Published On: Wed, Feb 24th, 2016

Development Veteran Stalled Uptown Durst Group Buys Notes, Forecloses

From left Ian Bruce Eichner and a rendering of 1800 Park Avenue in Harlem (credit ODA)

Commercial property developer Ian Bruce Eichner, along with his company Continuum, stands poised to take a 66 million dollar loss on a site in Harlem that he bought three years ago.

He had planned to build a 680-unit rental complex but the funding he aspired to did not materialize. In the meantime, his notes have come due. The original lender, Garrison Investment Group sold the debt to the real estate behemoth Durst Organization. Now Durst is going to foreclose. One wouldn’t know it from Midtown, but as a whole, the city’s real estate growth is aching. Both for commercial and the traditionally endless-demand high-end condos, the industry has slowed, or, as the less optimistic say, “reversed course.”

This, of course, has started what could be a formidable cycle of lending institutions getting shy about making loans in an ebbing market, which, needless to say, makes nobody too happy until a real halt to construction sends prices skyward once again.

Eichner has a huge portfolio of impressive New York accomplishments that includes City Spire, One Broadway Place, The Manhattan Club, The Royale and Montague Street in Brooklyn Heights. He also made some serious architectural impact on Florida and Las Vegas, but here in New York, he has some accomplishments under his belt that were real firsts. In 1998, on Montague Street, Eichner built the first high-rise in Brooklyn since the 60s had brought with it landmarks height legislation. Before that, with “The Manhattan Club, ” Eichner innovated the first urban timeshare in New York, incorporating the revolutionary ahead-of-its-time model of booking stays as brief as a single day.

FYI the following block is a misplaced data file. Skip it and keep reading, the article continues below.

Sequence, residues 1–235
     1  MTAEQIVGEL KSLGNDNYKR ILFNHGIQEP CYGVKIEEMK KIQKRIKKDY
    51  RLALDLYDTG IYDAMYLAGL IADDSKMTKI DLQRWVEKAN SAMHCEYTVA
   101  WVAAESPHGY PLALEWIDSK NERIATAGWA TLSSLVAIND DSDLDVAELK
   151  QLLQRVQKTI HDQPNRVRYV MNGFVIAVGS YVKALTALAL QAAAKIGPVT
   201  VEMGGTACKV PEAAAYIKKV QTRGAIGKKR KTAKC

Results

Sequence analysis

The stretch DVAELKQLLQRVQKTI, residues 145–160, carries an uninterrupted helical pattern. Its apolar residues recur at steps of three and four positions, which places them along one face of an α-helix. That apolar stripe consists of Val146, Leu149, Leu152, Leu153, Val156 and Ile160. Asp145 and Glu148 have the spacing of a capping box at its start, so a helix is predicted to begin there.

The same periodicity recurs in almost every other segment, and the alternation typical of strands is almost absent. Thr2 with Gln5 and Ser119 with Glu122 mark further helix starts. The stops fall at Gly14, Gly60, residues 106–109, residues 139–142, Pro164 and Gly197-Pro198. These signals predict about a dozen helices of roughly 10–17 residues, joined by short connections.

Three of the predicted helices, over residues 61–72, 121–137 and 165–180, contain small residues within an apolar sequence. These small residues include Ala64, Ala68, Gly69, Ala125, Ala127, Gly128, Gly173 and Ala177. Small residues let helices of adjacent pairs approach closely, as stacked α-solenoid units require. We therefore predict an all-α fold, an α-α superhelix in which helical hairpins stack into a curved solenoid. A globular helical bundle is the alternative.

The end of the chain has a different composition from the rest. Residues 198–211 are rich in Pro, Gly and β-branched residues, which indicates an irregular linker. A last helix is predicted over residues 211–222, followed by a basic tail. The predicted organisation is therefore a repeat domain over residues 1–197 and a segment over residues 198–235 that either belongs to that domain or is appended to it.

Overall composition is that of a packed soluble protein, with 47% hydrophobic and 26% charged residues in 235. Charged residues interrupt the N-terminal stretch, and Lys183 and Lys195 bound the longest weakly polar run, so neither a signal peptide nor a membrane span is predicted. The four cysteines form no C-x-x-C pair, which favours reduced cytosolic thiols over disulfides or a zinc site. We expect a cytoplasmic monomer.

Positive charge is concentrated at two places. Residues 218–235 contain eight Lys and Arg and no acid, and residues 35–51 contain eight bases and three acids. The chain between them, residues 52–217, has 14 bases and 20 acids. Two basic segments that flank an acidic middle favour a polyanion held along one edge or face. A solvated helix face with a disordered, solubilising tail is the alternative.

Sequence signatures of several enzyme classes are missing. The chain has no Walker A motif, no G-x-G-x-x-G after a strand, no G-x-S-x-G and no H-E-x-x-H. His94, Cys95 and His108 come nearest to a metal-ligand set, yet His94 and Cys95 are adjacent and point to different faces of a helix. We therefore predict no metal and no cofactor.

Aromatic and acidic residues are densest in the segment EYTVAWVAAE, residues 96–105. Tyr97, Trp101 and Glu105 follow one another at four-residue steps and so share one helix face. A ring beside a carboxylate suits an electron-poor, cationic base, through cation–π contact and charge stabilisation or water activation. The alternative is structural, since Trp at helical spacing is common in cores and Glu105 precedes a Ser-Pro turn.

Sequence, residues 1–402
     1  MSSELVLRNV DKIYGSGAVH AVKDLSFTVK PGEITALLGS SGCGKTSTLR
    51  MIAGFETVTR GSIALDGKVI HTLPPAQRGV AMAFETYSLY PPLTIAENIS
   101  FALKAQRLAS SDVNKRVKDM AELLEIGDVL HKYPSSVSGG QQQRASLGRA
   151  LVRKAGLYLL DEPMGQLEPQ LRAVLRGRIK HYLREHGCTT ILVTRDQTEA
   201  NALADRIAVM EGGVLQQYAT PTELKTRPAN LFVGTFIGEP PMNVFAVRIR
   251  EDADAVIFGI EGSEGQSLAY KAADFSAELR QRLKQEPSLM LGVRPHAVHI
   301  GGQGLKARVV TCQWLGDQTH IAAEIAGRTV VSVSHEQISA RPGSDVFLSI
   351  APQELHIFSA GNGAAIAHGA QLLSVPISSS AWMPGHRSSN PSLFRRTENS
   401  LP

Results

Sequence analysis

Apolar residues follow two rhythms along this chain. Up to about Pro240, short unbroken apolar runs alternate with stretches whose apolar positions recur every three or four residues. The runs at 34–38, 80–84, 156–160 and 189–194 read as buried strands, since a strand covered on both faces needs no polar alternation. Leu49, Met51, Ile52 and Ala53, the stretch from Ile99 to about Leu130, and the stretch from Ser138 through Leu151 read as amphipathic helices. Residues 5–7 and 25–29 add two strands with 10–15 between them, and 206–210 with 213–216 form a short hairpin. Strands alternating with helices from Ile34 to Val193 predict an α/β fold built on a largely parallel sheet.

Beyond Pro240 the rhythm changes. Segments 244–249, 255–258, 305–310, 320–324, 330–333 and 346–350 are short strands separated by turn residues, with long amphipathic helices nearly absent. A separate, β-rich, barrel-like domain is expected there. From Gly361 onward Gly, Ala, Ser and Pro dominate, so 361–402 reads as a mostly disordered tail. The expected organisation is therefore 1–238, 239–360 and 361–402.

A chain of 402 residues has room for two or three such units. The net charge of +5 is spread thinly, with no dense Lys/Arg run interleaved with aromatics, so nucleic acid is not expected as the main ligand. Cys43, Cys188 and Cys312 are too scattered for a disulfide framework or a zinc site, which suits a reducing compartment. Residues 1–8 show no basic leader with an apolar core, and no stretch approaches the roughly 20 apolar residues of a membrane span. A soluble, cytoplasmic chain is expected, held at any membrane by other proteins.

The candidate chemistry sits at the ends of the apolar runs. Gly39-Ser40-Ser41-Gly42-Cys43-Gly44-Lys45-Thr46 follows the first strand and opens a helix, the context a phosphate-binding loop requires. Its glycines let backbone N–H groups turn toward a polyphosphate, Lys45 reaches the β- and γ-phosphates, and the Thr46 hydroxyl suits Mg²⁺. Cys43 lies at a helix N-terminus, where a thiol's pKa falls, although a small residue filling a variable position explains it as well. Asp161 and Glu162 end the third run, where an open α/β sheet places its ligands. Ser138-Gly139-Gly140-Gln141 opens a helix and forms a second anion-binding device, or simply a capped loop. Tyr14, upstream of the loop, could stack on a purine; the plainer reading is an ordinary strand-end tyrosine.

But taking risks also includes failures. Eichner has been successful at many of his ventures, but 1800 Park isn’t the first time creditors rushed in and took a building from underneath him. There were losses and foreclosures in the 90s and again in the past decade. According to an interview he gave, he can’t judge himself by successes or failures, only by knowing he made his best effort.

This story first published at The Jewish Voice NY, by Alan E. Oirich

 

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